Macron was re-elected on April 24th with 58.55 percent of the vote and will be formally invested into into the role on Saturday.
The inauguration ceremony, or investiture, formalises the transfer of power, and will take place in the Salle des Fêtes at the Elysée Palace on Saturday, May 7th from 11am. It will last just over an hour and a half.
Unlike many other countries, the French presidential inauguration does not include an oath of office, but it does boast a fair share of ceremonial practices.
Specifically, there will be a proclamation of the official election results by the President of the Constitutional Council, Laurent Fabius, then the president will be recognised as the Grand Master of the National Order of the Legion of Honor, making the start of his second term official.
In terms of invitees, 450 guests were carefully selected, and France’s only two living ex presidents François Hollande and Nicolas Sarkozy will both attend. The president was also sure to invite those who represent major institutions, plus politicians, mayors and French Nobel Prize winners.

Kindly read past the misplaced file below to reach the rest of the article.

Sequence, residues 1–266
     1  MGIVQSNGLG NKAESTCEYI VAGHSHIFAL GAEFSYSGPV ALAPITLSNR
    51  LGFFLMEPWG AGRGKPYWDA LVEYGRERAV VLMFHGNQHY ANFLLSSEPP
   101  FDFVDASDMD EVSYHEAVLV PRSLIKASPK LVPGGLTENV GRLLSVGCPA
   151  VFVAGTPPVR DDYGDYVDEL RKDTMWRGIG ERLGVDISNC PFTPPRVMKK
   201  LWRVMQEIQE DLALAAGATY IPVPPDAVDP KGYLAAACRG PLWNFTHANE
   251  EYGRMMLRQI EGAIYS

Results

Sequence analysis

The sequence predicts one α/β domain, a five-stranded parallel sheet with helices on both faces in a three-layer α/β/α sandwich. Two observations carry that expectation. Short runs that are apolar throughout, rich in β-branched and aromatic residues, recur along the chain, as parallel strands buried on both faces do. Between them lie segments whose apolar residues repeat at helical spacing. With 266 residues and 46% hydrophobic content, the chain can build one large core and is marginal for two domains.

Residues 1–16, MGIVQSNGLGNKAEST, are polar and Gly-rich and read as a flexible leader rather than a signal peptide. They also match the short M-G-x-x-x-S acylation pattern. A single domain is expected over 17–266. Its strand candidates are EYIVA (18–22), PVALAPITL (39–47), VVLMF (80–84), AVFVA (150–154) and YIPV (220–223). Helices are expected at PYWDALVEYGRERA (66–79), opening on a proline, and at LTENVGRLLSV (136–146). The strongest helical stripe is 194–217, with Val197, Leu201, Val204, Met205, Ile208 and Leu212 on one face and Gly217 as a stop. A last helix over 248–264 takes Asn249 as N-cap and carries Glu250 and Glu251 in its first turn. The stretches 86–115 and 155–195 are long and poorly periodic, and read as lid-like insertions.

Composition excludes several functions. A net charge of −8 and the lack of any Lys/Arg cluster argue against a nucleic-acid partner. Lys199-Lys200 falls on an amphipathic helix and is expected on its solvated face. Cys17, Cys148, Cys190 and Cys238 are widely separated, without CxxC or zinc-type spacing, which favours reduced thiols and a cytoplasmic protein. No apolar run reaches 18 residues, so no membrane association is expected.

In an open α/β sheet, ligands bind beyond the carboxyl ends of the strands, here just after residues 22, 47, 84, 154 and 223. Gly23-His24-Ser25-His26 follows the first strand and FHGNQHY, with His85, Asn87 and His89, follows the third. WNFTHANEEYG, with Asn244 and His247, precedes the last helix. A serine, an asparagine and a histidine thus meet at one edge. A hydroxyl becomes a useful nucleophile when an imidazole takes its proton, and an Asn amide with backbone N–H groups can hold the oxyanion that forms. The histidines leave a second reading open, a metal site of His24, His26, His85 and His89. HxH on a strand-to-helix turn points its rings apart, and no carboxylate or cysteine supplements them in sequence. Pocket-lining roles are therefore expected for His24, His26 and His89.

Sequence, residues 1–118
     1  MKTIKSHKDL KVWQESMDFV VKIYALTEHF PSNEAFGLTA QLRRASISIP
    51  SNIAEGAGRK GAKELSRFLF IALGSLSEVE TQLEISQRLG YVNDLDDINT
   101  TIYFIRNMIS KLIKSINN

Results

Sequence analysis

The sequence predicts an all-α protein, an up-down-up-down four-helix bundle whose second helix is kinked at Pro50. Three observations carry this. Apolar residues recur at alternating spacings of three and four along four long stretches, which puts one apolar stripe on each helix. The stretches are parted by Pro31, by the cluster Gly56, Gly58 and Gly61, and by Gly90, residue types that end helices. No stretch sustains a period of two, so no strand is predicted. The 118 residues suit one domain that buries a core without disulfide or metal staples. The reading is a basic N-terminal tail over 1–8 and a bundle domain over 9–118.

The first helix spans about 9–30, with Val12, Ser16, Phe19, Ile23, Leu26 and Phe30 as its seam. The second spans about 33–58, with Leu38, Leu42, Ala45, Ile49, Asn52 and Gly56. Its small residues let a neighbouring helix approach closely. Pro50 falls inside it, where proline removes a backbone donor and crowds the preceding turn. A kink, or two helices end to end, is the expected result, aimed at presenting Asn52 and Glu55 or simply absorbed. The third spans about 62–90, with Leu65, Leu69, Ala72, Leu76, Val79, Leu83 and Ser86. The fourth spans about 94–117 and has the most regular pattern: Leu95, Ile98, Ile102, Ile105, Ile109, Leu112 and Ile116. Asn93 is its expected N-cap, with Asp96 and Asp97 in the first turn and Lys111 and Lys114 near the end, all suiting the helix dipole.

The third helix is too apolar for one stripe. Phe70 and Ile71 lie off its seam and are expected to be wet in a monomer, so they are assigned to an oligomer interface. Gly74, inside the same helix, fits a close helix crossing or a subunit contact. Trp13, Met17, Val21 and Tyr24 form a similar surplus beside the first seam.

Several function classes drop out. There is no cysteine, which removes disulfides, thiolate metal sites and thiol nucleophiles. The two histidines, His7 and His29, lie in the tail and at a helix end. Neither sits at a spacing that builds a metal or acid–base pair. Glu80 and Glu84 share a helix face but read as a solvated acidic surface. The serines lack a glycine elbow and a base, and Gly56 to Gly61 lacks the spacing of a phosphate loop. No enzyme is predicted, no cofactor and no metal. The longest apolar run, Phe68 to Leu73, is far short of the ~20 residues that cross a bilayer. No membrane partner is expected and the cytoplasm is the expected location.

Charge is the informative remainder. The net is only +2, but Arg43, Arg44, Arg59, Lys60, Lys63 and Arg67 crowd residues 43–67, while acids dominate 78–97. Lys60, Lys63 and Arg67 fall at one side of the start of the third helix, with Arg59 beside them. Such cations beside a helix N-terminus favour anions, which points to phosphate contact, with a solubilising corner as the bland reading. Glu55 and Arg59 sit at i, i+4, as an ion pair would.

Macron will then give a speech, after which 21 cannon shots will be fired to mark the event, a tradition some re-elected presidents have skipped in the past.
He will also “review” his military, including part of the crew of the Monge – a ship based in Brest that is equipped to monitor the flights of ballistic and nuclear missiles, which is likely an allusion to the shadow the war in Ukraine has cast over Macron’s second term.The ceremony will end with flags and the a rendition of the Marseillaise.
Normally, the newly-elected president would then be received at the Paris town hall and drive up the Champs-Élysées to the Arc de Triomphe, a custom Macron observed in 2017. This year, however, the bulk of the ceremony will take place at the Elysée Palace.